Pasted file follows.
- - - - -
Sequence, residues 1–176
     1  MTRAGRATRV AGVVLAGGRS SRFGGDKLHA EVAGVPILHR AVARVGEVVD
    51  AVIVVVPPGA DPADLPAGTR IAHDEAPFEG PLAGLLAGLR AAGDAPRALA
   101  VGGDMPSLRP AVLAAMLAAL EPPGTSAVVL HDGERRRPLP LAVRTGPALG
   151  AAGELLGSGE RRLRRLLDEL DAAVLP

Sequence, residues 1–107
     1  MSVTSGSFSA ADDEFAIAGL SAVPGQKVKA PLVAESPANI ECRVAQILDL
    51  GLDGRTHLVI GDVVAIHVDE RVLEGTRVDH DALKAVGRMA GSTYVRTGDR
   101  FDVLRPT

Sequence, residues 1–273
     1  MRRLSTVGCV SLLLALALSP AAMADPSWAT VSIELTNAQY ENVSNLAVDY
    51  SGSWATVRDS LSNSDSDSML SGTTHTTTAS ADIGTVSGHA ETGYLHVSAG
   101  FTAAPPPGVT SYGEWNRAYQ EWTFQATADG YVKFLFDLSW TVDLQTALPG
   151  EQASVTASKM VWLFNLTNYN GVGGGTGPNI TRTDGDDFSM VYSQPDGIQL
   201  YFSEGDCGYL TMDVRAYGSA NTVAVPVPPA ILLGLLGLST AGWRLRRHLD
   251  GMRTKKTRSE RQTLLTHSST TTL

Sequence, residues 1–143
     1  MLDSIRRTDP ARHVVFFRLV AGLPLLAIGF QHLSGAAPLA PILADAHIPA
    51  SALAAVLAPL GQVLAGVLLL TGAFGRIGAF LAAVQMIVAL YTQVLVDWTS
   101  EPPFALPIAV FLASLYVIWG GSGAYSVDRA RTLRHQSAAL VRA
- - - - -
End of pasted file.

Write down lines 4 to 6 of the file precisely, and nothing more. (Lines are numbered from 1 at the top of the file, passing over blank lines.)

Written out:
   101  VGGDMPSLRP AVLAAMLAAL EPPGTSAVVL HDGERRRPLP LAVRTGPALG
   151  AAGELLGSGE RRLRRLLDEL DAAVLP

Sequence, residues 1–107